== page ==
I love nonfiction. I could read it exclusively (and kind of have in the past), although I realize that’s kind of outside the norm for book bloggers. I so enjoy learning and getting to expand my knowledge of the world, so I was excited to find a nonfiction pick as this month’s Library Book Reading Group selection. I’ve read two books about North Korea in the past (The Girl With Seven Names: A North Korean Defector’s Story by Hyeonseo Lee with David John, and Nothing to Envy: Ordinary Lives in North Korea by Barbara Demick; both excellent books and highly recommended, especially Nothing to Envy) and have found the subject alarming and deeply intriguing, so I’m really looking forward to the group discussion of In Order to Live: A North Korean Girl’s Journey to Freedom by Yeonmi Park with Maryanne Vollers (Penguin Press, 2015).
Yeonmi Park lived a semi-privileged existence in North Korea, under the dictatorships of Kim Jong-Il and Kim Jong-Un. Despite rarely having electricity, having no running water, at different times having her parents imprisoned, having to forage in the forest for plants to eat in order to not starve and weighing only 60 pounds when she escaped, at the age of 13, with her mother in 2007, Yeonmi and her sister were better off than many of the North Korean children around them. As their living situation and the conditions in the country continued to deteriorate, the family began to realize their only hope of survival was escape. But in a country where even making a joke about the leader could lead to one’s execution, escape carried with it nearly as many risks as staying.
When Yeonmi and her mother flee across the river to China, they fall into the hands of human traffickers. They’re separated for some time, but through determination, some help along the way, and more than a bit of luck, they’re able to finally make it to the safe haven of South Korea, where the fight to finally build a life for themselves, find Yeonmi’s sister (who escaped just before them) and pull themselves free of the North Korean indoctrination presents yet another challenge.
Yeonmi’s story isn’t all that different than so many other defector’s stories. There are some serious moments of heartbreak here, including multiple accounts of rape and the death of family members, so take care to prepare yourself or choose another book if this isn’t the right time for you to read this. She explains in depth how much she and her fellow North Koreans had to numb themselves to the pain of others in order to survive and maintain the regime’s facade that theirs was a prosperous country with no problems; seeing piles of dead bodies in the streets, fellow citizens who had starved to death, was nothing out of the ordinary, and ignoring it was a matter of survival, mental, physical, and emotional. When you’ve been taught to care for nothing but your country’s leader, caring for your neighbor is a concept that doesn’t exist. A particularly harrowing quote:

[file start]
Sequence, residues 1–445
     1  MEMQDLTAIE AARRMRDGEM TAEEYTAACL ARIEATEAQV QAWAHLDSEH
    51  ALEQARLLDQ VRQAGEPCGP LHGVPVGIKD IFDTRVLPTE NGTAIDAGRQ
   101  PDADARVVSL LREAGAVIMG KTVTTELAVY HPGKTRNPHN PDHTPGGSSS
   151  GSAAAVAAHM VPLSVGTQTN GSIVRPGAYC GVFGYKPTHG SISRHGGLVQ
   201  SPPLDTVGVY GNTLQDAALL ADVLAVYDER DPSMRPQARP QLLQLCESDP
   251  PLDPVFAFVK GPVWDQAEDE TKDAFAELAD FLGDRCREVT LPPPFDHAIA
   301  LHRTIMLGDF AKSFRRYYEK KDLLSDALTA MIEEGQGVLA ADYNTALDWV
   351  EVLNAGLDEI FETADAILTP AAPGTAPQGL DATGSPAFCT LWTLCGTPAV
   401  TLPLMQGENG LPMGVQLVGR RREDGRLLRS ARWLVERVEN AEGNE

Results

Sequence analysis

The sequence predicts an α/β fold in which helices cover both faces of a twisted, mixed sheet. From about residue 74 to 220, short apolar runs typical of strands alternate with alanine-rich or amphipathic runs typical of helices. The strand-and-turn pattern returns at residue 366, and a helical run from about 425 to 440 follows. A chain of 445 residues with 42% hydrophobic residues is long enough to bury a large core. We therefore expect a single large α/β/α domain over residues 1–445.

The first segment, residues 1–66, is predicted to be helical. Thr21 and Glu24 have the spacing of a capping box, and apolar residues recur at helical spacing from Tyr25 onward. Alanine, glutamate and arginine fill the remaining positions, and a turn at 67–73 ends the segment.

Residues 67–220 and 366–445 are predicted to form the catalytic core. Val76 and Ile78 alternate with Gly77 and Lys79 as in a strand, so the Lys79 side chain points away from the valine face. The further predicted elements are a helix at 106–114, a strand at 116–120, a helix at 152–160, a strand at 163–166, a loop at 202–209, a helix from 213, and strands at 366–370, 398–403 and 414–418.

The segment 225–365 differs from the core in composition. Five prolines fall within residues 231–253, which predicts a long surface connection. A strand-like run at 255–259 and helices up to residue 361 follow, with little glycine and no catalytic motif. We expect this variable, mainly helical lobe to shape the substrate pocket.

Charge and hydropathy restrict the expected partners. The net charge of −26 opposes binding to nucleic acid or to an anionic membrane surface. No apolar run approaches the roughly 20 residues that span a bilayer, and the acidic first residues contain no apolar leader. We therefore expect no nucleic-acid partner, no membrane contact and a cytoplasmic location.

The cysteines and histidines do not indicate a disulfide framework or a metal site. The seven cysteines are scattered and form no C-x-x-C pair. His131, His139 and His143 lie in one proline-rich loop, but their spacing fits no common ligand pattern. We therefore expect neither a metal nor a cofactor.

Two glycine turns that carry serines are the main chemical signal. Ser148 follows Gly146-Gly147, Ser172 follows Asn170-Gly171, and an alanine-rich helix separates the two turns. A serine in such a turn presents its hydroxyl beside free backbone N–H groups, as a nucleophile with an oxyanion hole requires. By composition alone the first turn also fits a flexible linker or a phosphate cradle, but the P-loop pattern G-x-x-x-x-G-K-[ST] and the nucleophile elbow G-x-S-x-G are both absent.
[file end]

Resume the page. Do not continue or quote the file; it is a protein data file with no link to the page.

‘The frozen babies that starving mothers abandoned in the alleys did not fit into my worldview, so I couldn’t process what I saw. It was normal to see bodies in trash heaps, bodies floating in the river, normal to just walk by and do nothing when a stranger cried for help.’
The propaganda fed to North Koreans is incredible. Yeonmi grew up believing Kim Jong-Il could read her mind and she would be punished for any bad thoughts about him. She and her classmates are taught to inform authorities on their parents and neighbors, and even their schoolwork is taught through a nationalistic lens of propaganda (“If you kill one Yankee bastard and your friend kills three, how many Yankee bastards have you killed?”). The flow of information is tightly controlled and Yeonmi’s family has almost no idea of how the rest of the world really lives- though the propaganda they’re fed tells them that North Korea is the most powerful nation on earth, and every other country is an utter nightmare to live in. It’s all doublespeak to the extreme, almost as if the leaders of the country were using 1984 as an instruction manual.
Her escape and journey to South Korea is harrowing and disturbing, especially considering how young she was at the time. I’ve read that it’s very difficult for defectors to build new lives, even with financial support of the South Korean government, for diverse reasons but mainly due to things like PTSD, lack of education and difficulty catching up, and difficulty learning to live in a society so radically different from the one in which they were raised (and one they were propagandized against). I can’t imagine the struggle, and it’s amazing that anyone comes out the other side and manages any kind of a life at all. So much pain, so much loss, so much left behind.
My book group discussion isn’t until the middle of this month, but I’ve got four pages (back and front) of notes I can go over in order to keep things fresh in my memory. Ms. Park apparently lives in the US now, is married, and is continuing her human rights work. She’s also a huge reader (it’s really the best club to be a part of, isn’t it???), which thrills me and fills my heart with such pride for her and all her many accomplishments. That she could survive such a brutal regime and use her life to shine a light on the egregious human rights’ violations ongoing in North Korea, while still working hard to improve herself every day, is inspiring. What an amazing story.
Watch her TED talk here. (Highly recommended!)